We have all seen Facebook chipping in new features from time to time. Be it the much-hyped and (unbelievably) criticized Timeline feature for your profile page, or the planktons of tweaks with your chat boxes – Facebook ensures that you never get bored with the blue-and-white interface and have something new to try out. But how do they do it? How can this bunch of engineers at Menlo Park possess such Godly powers to foresee the future and tell what people will like and what not?
How do they do it?
Well, there is nothing to get spiritual here. It is nothing but a part of their perennial process to introduce and test new products on a small group of Facebook users before releasing it for everyone. Everyday hundreds of tests are run on the social network and their effect is gauged through various parameters. For example, when you find friends on Facebook, the page used to contain maximum no. of names and faces of probable buddies to minimize scrolling. A test was run in which the number of people showed per page was reduced by 60% but each person was given more space and a larger button to engage with. And the statistics showed a 70% increase in friend requests! Given a more consumable interface, people were more able to find people they wanted to connect with. Hence this new feature was right away incorporated. This is just one instance out of many where user response determines the fate of a test feature.
Given that there are hundreds of tests running simultaneously, how is it ensured that they do not collide with each other? For it, Facebook uses a sophisticated and flexible tool called gatekeeper that prevents such a mishap. Hence, this allows things to get rolled out slowly and improvements to be made along.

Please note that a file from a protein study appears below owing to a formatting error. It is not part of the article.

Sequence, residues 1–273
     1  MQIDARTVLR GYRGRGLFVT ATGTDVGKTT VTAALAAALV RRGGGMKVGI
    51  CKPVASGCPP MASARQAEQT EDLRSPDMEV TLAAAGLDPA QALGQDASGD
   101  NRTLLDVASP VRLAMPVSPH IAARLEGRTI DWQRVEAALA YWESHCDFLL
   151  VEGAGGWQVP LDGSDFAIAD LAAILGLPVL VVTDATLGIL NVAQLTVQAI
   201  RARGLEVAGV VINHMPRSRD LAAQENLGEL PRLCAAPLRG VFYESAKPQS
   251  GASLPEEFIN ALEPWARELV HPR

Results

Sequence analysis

The story of the chat bar
Would you like to know how the new chat bar came up? Facebook testers normally apply tests to a group of random users and wait for the feedback. But this was not the tradition around a year back. As Mr. Boz, Director of Engineering at Facebook recalls, “In our research, we found that the vast majority of chats from any individual on Facebook are to a relatively small group of their friends.” So, instead of displaying all the names in alphabetical order, they developed a chat bar that showed the names of only the closest buddies on the right. This was tested internally on employees, but the results were not at all encouraging. When after a month long debate nothing could be finalized, Boz’s team decided to ship the feature for everyone. And voila! The system recorded a 9% drop in chats which going by numbers was quite large. So, the team sprang into action and within a week they made a new chat bar that displayed all online friends and not just the closer ones.
The lesson learnt was quite meaningful. “This is what we mean when we say ship early, ship often. It means that when we’re able to iterate, people on Facebook get better experiences sooner than they would otherwise”, Boz writes. That’s what they do every day, again and again, bringing out features and testing them. And the users (us!) become an integral part of the process. So from next time if you notice something fishy, thank your luck lords that you are ‘a part of the testing team at Facebook’.